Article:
Land management, crop production, and household income in the highlands of Tigray, northern Ethiopia: An econometric analysis
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Permanent link to cite or share this item: http://hdl.handle.net/10568/50774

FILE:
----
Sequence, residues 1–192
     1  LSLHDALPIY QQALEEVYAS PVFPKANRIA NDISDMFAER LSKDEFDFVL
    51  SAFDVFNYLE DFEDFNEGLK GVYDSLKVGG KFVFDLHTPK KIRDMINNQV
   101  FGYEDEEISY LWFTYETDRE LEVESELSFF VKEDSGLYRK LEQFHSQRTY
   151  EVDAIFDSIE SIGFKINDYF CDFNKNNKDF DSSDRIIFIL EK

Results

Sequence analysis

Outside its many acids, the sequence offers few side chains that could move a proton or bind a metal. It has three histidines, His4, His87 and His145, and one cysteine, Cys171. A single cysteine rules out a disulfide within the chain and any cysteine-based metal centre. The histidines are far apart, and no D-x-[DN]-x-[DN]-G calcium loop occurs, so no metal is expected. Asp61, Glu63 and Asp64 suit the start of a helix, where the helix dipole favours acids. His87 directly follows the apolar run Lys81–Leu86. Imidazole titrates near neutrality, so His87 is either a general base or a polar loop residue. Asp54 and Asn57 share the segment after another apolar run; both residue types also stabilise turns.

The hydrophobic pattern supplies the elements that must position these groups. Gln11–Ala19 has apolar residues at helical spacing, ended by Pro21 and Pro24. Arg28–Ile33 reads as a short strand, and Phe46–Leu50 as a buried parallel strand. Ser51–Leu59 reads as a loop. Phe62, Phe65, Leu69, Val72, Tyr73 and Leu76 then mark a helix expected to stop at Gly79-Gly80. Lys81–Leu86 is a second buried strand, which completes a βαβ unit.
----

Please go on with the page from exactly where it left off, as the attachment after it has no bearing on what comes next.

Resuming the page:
This paper is divided in sections. The first section deals with empirical model, methods, and hypotheses and looks into methods, data Sources, econometric approach, and predicted Impacts of selected variables. The second one discusses agriculture and land management in the highlands of Tigray with particular emphasis on biophysical and socioeconomic conditions, results of econometric analysis, and direct and indirect effects on production and income. The third section, key findings and implications examines population pressure, access to roads and markets, income strategies, irrigation, agricultural extension and credit, and endowments of physical, human, and social capital. The study is based on econometric analysis of household and plot-level surveys conducted in 100 villages in 50 tabias (the lowest administrative unit in Tigray, usually comprising four or five villages) in the highlands of Tigray during 1999-2000. It builds on a prior study based on tabia- and village-level surveys in the same communities in 1998-99 (Pender et al. 2001), which were used in the empirical work Reported in Chapter 4. This broad sample and the information collected at different levels enable investigation of the impacts of community-level factors such as population density, investments in irrigation and roads, as well as household and plot-level factors such as household wealth, education., education, land tenure, and other factors on land management and the implications for agricultural productivity and land degradation.
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